Jake Matthews (top) is the most polished tackle available, but he may lack the upside of Greg Robinson. (Bob Levey/AP)
There were five offensive tackles taken in Round 1 last year, matching defensive end for the most picks from any single position group on the draft's opening day.
This time around, quarterbacks have stolen the spotlight -- Blake Bortles, Teddy Bridgewater and Johnny Manziel are all possible options in the top five. Wide receivers could storm the castle, too, with Sammy Watkins and Mike Evans leading a cornucopia of potential Round 1 talent. Edge-rushers again will be in demand, the safety spot is top-heavy and at least three or four cornerbacks may be off the board early.
Still, for all that, Day 1 may belong to the offensive tackles again. A trio of OTs have the look of top-10 talent, with several others not far off their heels. If nothing else, there figures to be a run at this position somewhere before Round 3 wraps on Friday.
MORE: 2014 NFL Mock Draft Database | Top centers in draft | Top guards in draft
1. Jake Matthews, Texas A&M: Depending on where Johnny Manziel winds up, the offensive line on his next team may not be able to protect him as well as the one on his former team did. Two seasons ago, Manziel had Luke Joeckel (2013 No. 2 overall pick) at LT and Matthews on the right; this past year, it was Matthews on Manziel's blindside with another future draft pick, Cedric Ogbuehi, at right tackle.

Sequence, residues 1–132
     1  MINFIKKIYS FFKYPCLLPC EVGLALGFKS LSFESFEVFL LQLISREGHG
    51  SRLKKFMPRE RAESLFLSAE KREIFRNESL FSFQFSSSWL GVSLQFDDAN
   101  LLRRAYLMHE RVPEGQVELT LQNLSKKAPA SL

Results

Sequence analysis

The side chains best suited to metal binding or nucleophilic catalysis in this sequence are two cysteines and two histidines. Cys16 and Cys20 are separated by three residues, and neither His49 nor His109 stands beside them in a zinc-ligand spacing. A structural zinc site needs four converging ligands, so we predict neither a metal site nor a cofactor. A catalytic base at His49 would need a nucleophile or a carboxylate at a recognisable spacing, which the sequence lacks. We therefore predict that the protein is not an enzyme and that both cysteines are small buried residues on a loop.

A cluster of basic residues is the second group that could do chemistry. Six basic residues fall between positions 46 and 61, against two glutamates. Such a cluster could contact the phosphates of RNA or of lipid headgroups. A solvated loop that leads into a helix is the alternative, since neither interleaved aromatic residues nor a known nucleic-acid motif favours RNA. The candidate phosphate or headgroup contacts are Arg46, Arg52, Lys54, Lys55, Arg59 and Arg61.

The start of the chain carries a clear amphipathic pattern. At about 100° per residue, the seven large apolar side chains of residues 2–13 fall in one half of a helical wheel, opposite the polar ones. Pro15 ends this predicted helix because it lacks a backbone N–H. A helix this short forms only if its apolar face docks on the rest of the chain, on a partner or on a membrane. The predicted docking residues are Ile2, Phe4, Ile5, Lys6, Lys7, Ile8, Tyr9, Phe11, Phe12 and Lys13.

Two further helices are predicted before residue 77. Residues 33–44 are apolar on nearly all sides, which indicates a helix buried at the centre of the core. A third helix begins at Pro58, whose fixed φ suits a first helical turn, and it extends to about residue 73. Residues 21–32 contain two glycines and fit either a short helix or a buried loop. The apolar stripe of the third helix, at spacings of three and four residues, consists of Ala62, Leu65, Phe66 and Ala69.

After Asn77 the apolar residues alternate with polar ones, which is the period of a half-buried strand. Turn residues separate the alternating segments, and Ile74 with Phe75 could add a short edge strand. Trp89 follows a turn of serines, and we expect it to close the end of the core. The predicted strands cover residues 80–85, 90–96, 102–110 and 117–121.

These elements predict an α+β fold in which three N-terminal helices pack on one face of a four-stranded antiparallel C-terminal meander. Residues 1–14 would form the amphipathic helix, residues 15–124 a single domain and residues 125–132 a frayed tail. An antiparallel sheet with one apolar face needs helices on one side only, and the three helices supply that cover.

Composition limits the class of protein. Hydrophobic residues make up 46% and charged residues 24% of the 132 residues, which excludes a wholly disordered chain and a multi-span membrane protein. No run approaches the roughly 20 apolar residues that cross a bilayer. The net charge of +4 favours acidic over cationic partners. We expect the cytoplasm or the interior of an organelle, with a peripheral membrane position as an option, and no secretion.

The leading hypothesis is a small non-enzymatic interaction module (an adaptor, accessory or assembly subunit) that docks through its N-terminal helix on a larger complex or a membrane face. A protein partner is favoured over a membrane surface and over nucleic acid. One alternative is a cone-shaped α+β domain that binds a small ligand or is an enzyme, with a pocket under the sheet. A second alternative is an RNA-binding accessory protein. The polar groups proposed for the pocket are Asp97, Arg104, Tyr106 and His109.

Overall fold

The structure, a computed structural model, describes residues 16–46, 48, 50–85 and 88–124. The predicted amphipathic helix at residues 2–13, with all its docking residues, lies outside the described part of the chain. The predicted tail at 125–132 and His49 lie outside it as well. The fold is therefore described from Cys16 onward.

Manziel's ability to clear the pocket and create can cover up some blocking deficiencies. Only, at least in Matthews' case, there rarely were any.
The son of Hall of Famer Bruce Matthews and cousin of Green Bay's Clay Matthews, Jake Matthews ought to carve out his own niche in the NFL. He's a technician as a blocker, from his footwork to his hand position. And speaking of that footwork, don't be surprised if teams utilize him often in the screen game or by running wide to his side of the field.
The lone argument against Matthews as the top tackle is that Greg Robinson may have more long-term upside.
"Being considered a polished player, someone who’s done a lot and played well in my life, I’ll take that as a [compliment]," Matthews said at the combine. "I definitely wouldn’t say I’m at my peak –- a lot more I can learn, a lot more I can get better at."
Draft projection: Top 10
2. Greg Robinson, Auburn: Rare is the occasion that a 332-pound man sprinting in bike shorts turns into must-see viewing. Yet, that's what happened at the combine as Robinson blew down the Lucas Oil Stadium turf with a 4.92 time in his 40-yard dash.